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### 30 Cards in this Set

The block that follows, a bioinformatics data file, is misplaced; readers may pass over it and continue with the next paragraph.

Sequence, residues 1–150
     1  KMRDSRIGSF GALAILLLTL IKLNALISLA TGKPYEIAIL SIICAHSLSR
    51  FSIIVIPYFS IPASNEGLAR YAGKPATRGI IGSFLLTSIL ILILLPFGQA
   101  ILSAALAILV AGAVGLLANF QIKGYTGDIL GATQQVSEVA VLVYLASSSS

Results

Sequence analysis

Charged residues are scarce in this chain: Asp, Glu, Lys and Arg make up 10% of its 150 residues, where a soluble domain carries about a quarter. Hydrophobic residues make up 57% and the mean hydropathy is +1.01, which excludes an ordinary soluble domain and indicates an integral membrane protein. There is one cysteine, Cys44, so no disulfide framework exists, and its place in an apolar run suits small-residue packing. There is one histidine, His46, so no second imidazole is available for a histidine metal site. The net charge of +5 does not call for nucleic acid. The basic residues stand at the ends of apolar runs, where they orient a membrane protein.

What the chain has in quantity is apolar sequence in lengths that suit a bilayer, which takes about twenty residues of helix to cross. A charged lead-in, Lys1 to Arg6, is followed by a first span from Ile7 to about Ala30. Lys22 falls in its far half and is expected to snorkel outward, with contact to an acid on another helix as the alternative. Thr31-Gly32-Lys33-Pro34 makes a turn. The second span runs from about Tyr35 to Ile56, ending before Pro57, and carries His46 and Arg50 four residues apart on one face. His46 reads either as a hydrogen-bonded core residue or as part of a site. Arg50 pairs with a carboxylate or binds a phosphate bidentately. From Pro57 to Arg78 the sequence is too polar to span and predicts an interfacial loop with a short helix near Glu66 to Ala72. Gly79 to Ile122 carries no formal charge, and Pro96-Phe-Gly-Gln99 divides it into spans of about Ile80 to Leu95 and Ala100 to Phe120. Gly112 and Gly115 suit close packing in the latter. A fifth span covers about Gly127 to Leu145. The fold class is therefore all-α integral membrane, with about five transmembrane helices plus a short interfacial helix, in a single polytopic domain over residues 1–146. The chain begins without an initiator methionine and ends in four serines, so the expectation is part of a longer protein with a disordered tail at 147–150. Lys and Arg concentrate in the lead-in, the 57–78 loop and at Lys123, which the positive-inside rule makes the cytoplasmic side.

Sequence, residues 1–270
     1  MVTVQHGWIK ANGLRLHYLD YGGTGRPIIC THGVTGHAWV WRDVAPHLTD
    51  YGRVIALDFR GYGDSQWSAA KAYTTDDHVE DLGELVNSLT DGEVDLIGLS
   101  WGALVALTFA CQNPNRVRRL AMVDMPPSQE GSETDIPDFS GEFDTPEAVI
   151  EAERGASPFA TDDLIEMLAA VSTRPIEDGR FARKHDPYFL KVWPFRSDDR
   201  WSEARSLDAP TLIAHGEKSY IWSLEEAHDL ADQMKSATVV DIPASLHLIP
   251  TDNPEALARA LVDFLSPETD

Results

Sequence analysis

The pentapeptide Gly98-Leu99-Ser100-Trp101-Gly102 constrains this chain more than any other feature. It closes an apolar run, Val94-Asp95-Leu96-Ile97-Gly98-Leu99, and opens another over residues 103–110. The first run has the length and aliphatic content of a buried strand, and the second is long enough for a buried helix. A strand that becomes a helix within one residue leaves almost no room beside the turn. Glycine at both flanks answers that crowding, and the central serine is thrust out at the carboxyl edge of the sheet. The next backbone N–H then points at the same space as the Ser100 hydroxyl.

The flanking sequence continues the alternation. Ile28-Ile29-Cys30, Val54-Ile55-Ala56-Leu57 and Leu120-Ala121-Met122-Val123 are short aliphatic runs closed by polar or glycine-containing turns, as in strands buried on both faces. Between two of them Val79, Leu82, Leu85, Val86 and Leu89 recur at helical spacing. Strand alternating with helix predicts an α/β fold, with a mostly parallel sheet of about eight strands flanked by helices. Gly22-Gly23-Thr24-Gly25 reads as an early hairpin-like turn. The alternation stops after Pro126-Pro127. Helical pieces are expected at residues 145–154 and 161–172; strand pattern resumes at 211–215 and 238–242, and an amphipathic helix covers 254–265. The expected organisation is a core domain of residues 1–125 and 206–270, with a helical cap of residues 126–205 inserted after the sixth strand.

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 symbol for not ~ symbol for biconditional <-> symbol for "for all" (upside down A) symbol for conjunction (upsidedown V) symbol for "there exists" or some (backwards E) symbol for disjunction V symbol for conditional -> s: Fish have scales r: reptiles have skin ~(backward E) s Step 1: Some fish have scales Step 2: All fish do not have scales. Rewrite to avoid ambiguity: No fish has scales. Negate the sentence: All cookies are good Some cookies are not gone. Negate the sentence: Some spiders are not poisonous. All spiders are poisonous. Negate the sentence: We have at least one used car. No cars are used. Negate the sentence: Some watches are cheaper than others. No watch is cheaper than any other watch. (Can't say "ALL watches are NOT cheaper than others" because this is ambiguous.) Negate the sentence: No pears are edible. Some pears are edible. Which method of deductive proof follows this line of reasoning? Premise 1: p -> q Premise 2: p therefore q Modus ponens Which method of deductive proof follows this line of reasoning? p q1 q2 . . qn r (conclusion) conclusion: Law of Deduction Which method of deductive proof follows this line of reasoning? Premise 1: p -> q Premise 2: q -> r Conclusion: p -> r Transitivity Which method of deductive proof follows this line of reasoning? Premise 1: p -> q Premise 2: ~q Conclusion: ~p Modus tollens Which method of deduction is based on the Contrapositive Rule? Modus tollens An argument to establish that a statement is probably true. inductive argument An argument to establish that a statement is absolutely certain. deductive What is the difference in valid and sound? with valid, the premises do NOT have to be true, you just have to be able to proceed logically from the premises to the conclusion If an argument is sound then it is valid. (true/false) true (sound arguments have true premises and valid logic) If an argument is valid then it is sound. (true/false) false (the premises also must be true) What are premises? Supporting statements that lead to a conclusion. When do you get a true result in a conjunction truth table? when both premises are true When do you get a false result in a disjunction truth table? when both premises are false When do you get a false result in a conditional truth table? when first premise is true and second premise is false When do you get a false result in a bi-conditional truth table? when either premise (but not both) is false How do negate a statement with NO qualifiers? negate the predicate (verb) How do negate a statement WITH qualifiers? negate the predicate (verb) AND switch the quantifier